The Book of Beginnings
“Then Abram believed the Lord, and the Lord considered his response of faith
as proof of genuine loyalty (evidence of steadfast commitment, righteousness).” (Genesis 15:6)
Genesis provides the historical foundation for the entire Bible and the basis for the Pentateuch. Moses, the author (Matthew 19:8; Mark 7:10), traces the history of the universe from God’s perspective. The account is selective according to Moses’ purpose to encourage the Israelites assembled on the Plains of Moab to trust in their faithful and omnipotent God enough to conquer the Promised Land.
The events Moses records in Genesis take the reader from Eden to Egypt and cover thousands of years from Creation to Abram’s family (1-11) and then the 300 years from Abram’s covenant with God to the death of Joseph (12-50).
Moses moves the story forward through the phrase “the generations of” (toledot in Hebew, and translated “the account” or “record). It divides the book 10 times (36:9 repeats 36:1) beginning with the person named, who may not be the primary character of the section, and closes with that persons death (2:4; 5:1; 6:9; 10:1; 11:10; 11:27; 25:12; 25:19; 36:1; 37:1).
Genesis introduces the Abrahamic Covenant (Genesis 12:1-3) as God’s solution to a self-destructing humanity bent on devastating destruction. The first eleven chapters surface the desperate need of the Covenant. The remaining chapters unfold the outworking of the covenant through the lives of the four Patriarchs of the Hebrew faith—Abraham, Isaac, Jacob, and Joseph.
God is the luminary of Genesis as the narrative reveals His place in the origin of the universe and the birth and life of the believing community He powerfully and faithfully delivers. Of His own choice and due only to His love and mercy, He established Israel as the means of blessing the undeserving families of the earth in response to Abrahams’ faith.
Imagine the impact this view of history had on the children of the generation that refused to believe God at Kadesh-barnea (Numbers 14). Far more than a gaggle of slaves slinking back home. Moses wanted them to see themselves as the chosen people of the living God with a glorious and eternal destiny! Genesis, the book of beginnings, has encouraged believers since the post-Exodus generation by providing God’s exciting perspective on their role in history:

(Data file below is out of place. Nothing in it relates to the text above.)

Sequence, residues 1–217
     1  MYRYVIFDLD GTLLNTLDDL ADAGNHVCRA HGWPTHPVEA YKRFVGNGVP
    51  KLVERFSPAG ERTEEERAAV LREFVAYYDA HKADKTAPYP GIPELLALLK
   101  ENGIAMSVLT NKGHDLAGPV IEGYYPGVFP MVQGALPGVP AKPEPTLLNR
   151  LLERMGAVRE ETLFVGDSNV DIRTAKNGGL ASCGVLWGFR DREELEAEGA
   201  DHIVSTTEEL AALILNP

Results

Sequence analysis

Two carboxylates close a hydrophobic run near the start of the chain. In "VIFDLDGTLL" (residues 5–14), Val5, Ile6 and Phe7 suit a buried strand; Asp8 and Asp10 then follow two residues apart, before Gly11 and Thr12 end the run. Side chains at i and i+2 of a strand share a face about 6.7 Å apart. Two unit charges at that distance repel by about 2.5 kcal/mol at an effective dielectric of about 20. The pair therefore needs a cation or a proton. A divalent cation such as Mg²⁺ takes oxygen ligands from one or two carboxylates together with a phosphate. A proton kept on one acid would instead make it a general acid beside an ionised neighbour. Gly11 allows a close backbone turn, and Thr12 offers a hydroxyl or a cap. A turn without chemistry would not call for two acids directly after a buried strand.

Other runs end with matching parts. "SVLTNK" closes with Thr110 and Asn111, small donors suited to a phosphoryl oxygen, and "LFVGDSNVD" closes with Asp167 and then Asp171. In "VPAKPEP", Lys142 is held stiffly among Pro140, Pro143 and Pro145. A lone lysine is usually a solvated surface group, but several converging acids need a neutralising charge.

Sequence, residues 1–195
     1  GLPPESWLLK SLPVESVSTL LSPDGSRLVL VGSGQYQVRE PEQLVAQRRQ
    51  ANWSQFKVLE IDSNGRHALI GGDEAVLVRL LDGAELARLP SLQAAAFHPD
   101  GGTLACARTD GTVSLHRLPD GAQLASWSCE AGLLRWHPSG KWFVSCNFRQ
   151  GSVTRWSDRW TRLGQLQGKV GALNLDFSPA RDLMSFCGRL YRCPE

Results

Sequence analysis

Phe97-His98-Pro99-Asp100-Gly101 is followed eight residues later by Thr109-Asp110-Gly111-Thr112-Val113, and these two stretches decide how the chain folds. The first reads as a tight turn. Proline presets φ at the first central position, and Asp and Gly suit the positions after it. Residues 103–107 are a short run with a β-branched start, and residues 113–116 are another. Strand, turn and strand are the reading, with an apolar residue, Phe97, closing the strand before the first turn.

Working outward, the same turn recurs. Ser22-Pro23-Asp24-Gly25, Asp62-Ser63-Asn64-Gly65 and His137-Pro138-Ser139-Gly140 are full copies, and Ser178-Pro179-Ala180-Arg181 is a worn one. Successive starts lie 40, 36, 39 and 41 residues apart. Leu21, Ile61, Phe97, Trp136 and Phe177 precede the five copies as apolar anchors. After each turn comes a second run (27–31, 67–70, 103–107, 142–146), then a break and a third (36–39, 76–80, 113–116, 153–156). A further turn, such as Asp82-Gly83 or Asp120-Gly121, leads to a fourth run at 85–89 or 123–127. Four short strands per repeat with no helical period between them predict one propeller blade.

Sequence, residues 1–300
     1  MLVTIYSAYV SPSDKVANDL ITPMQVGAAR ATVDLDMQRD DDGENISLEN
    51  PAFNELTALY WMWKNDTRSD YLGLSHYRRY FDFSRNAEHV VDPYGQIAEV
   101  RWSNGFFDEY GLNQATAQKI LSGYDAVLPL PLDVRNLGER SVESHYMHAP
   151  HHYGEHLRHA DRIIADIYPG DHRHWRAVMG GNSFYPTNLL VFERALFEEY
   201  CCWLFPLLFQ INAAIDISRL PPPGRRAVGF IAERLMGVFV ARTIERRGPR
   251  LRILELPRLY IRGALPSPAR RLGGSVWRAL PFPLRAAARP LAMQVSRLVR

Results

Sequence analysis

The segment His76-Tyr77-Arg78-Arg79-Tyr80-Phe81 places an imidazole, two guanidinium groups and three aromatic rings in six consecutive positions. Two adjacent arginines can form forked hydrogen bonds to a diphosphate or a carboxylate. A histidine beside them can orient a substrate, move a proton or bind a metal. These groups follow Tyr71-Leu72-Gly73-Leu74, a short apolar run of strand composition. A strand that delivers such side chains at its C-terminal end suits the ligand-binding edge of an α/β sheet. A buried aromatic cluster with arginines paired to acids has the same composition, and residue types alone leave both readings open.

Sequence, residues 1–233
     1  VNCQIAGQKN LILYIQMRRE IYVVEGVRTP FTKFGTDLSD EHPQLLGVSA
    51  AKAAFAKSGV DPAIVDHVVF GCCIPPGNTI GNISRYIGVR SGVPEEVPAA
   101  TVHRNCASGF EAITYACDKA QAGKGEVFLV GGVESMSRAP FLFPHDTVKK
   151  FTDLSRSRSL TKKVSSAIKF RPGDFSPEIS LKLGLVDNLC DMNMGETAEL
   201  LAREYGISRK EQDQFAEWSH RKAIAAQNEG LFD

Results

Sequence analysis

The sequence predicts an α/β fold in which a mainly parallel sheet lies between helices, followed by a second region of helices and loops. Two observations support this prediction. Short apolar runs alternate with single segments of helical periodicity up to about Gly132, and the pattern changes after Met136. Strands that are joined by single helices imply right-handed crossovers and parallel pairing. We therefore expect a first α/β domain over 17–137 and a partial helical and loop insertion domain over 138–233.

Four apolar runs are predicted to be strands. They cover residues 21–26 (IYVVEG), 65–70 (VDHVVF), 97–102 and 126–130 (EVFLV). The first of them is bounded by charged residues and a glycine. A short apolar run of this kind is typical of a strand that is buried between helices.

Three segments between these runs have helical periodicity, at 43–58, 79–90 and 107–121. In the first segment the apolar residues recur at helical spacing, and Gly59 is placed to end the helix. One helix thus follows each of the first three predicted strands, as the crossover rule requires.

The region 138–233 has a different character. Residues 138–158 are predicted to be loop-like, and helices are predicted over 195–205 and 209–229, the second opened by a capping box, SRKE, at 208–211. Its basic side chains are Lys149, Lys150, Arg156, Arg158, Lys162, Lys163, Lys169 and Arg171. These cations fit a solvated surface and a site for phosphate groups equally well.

Genesis is a theological presentation of selected facts and stories from history to expose humanity’s disastrous revolt against our Creator and His merciful response.
I. Genesis provides the historical basis for God’s covenant with His people and reveals the basic principles involved in God’s relationship with all people of all time.
A. HUMAN HISTORY: Genesis 1-11 proves the necessity for the covenant setting apart a special people, Israel, in a special land, Canaan, to worship Him. Two antithetical dynamics of God’s gracious provision for humanity and humanity’s totally rebellious and disastrous response are demonstrated in four primeval events, leaving humanity hopelessly enslaved to sin.
1. CREATION: God, seeking relationship with man, graciously and lovingly provides everything he needs for intimacy with Him—paradise, partner, and purpose (1-2).
2. FALL: Man and woman, seeking independence and rejecting God’s love and care, sin and die spiritually, separating the race from God as sin’s destructive power rapidly pollutes every aspect of life (3-5).
Messiah: A glimmer of light, a thread of hope. In spite of the curse of the Fall, God promises hope for redemption through the seed of the woman (3:15).